SOST gene, 17q21.31 (OMIM gene/locus number #605740) (see also VBD)
Leonine facies, increased bone mineral density, hyperostosis, osteosclerosis, obliteration of the sinuses, middle ear cavities, internal acoustic canals, and optic nerve canals, progressive hearing loss, progressive visual loss (cranial nerve compression, especially of II and VIII), cortical sclerosis of facial bones, macrocephaly, prominent mandible, facial diplegia, strabismus, exophthalmus, hypertelorism, papilledema, saddle nose, broad flat nasal bridge, choanal stenosis, increased intracranial pressure, headaches, seizures, mental retardation (however, in the majority of cases developmental progress was normal until hindered by progressive deterioration in vision and hearing), diaphyseal sclerosis, thickened and sclerotic ribs, undertubulation of the long bones of the legs, short stature (growth may be markedly retarded and delayed sexual maturation has been reported), difficulty breathing through the nostrils, and respiratory obstruction.
Fig. a,b,c,d. Radiological findings of a case with CDD at the age of 3 years. There are marked thickening and sclerosis of the skull and whole facial bones. The ribs are also thickened and sclerotic. Mild undertubulation of the long bones of leg is noted.
Reproduced from H Genet, Identification of signal peptide domain SOST mutations in autosomal dominant craniodiaphyseal dysplasia, 2011;129:497-502, Kim SJ, Bieganski T, Sohn YB, Kozlowski K, et al., with permission of Springer.
The autosomal recessive form of Craniometaphyseal dysplasia (see CMD) is less common and more severe than the dominant. Diaphyseal sclerosis is more apparent in the recessive form and can be found in adults.
(OMIM phenotype number #218400)
The autosomal recessive form of Craniometaphyseal dysplasia (see CMD) is less common and more severe than the dominant. Diaphyseal sclerosis is more apparent in the recessive form and can be found in adults. Cranial nerve deficits have been reported in infancy and earlychildhood in a few patients, but the evolution of the findings in recessive CMD is not well documented.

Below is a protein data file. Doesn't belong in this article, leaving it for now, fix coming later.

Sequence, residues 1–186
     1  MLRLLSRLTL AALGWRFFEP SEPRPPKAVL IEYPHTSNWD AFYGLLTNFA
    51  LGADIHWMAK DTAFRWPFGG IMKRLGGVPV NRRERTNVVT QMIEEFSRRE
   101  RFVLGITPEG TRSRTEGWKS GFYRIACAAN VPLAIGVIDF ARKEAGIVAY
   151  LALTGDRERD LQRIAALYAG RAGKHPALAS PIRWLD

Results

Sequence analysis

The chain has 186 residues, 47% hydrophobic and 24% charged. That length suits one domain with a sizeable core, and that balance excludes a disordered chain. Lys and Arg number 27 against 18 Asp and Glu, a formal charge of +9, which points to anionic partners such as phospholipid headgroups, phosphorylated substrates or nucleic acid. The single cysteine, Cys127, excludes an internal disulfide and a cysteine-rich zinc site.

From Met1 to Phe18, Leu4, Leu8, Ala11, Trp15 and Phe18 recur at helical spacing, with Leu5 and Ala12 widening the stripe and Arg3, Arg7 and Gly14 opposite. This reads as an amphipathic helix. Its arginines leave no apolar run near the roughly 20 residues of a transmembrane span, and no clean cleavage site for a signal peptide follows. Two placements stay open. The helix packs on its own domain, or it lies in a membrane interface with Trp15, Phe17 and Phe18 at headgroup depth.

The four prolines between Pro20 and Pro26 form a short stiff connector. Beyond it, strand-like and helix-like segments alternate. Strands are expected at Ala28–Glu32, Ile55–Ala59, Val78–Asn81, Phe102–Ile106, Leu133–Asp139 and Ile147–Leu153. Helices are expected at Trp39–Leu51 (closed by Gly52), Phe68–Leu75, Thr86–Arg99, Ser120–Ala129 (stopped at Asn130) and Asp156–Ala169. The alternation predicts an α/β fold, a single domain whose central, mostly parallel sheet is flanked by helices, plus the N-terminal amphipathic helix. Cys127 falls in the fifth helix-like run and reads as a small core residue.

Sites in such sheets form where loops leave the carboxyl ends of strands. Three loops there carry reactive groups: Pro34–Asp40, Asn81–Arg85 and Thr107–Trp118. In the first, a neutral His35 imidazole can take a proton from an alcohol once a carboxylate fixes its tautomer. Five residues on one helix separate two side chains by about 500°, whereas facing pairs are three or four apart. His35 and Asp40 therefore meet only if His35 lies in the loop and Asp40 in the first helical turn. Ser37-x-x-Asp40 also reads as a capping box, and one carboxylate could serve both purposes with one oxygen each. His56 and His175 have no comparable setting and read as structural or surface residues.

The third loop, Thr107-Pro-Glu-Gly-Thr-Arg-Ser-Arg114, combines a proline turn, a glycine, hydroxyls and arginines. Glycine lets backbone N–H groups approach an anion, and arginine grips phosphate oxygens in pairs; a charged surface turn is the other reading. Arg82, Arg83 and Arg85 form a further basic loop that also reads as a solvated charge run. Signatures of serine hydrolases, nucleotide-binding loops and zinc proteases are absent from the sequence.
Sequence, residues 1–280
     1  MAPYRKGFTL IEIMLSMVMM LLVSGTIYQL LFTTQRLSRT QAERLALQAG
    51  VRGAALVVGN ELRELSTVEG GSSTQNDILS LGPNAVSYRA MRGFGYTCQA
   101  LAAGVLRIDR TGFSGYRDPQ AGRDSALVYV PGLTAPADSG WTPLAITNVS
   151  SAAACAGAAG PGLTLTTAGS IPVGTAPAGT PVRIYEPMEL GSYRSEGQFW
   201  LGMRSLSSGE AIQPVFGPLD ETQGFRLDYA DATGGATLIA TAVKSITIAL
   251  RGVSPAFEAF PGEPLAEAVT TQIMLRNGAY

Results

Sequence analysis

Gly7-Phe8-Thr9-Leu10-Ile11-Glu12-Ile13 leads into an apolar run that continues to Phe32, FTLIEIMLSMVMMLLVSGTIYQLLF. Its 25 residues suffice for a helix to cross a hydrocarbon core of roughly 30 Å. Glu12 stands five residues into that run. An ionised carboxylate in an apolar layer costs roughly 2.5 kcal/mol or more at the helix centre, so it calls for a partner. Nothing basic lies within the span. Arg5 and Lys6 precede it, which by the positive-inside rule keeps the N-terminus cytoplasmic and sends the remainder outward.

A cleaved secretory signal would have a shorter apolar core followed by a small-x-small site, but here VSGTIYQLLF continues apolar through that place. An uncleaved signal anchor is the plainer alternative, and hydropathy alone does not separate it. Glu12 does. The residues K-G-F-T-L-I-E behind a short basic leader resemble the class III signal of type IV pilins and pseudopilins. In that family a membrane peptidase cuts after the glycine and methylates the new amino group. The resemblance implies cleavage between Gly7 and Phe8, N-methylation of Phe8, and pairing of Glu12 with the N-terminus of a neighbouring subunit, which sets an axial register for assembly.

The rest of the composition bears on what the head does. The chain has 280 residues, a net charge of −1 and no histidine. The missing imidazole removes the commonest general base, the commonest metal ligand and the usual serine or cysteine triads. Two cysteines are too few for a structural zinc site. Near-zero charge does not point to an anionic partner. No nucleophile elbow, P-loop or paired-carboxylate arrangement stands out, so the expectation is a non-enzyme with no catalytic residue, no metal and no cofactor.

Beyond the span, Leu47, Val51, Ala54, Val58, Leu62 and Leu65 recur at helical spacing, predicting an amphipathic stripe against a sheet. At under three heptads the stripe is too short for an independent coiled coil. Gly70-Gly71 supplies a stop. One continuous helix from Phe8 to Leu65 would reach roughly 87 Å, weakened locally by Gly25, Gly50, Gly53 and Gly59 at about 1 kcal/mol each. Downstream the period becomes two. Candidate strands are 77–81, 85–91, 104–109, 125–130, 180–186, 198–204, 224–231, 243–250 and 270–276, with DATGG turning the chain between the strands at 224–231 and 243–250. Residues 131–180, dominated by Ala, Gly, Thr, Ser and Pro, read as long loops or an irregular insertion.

GJA1 gene, 6q22.31 (OMIM gene/locus number #121014), encoding for the gap junction alpha 1 protein and is also known as Connexin 43, CX43.
Hyperostosis and sclerosis of the craniofacial bones and abnormal modeling of the metaphyses, sclerosis of the skull, asymmetry of the mandible, cranial nerve compression with hearing loss, facial palsy, macrocephaly, coarse facial features, dystopia canthorum, hypertelorism, optic atrophy, broad nasal bridge, bony paranasal bossing, widened alveolar ridges, delayed eruption of permanent teeth, nasal obstruction leading to mouth breathing, mild anterior rib widening, obliteration of paranasal sinuses and mastoid, gene valgum, dense diaphyses, metaphyseal flaring, club-shaped distal femora, humeri, radii, ulnae bowing, metacarpal sclerosis, phalangeal sclerosis.
Familial hydiopatic hyperphosphatasia, also called juvenile Paget’s disease of bone, is a rare autosomal recessive juvenile-onset form of Paget disease, characterized by markedly accelerated bone turnover caused by osteoprotegerin deficiency (for inactivating homozygous or compound heterozygous mutation in the TNFRSF11B gene).
(OMIM phenotype number #239000)
Familial hydiopatic hyperphosphatasia, also called juvenile Paget’s disease of bone, is a rare autosomal recessive juvenile-onset form of Paget disease, characterized by markedly accelerated bone turnover caused by osteoprotegerin deficiency (for inactivating homozygous or compound heterozygous mutation in the TNFRSF11B gene). This disorder is characterized by: an increase in bone turnover (elevated levels of serum alkaline phosphatase (ALP) and other markers of bone turnover), skeletal deformity, bone expansion, bone pain and an increased risk of pathological fractures. Clinical manifestations present from early infancy and include: skeletal deformity and failure to thrive followed by skull enlargement, difficulty in walking, progressive sensorineural deafness (due to cochlear involvement), kyphosis and acetabular protrusion. Disease severity generally increases during adolescence, but a milder form has been described in some patients.
Currently, there are not guidelines of therapeutic management for this rare disease. Nervetheless, there are some studies on the use of antiresorptive drugs such as calcitonin, bisphosphonates and denosumab, with improvement of clinical, biochemical and radiographic. Recombinant OPG has also been used successfully in treatment, but currently this is not available for routine clinical use.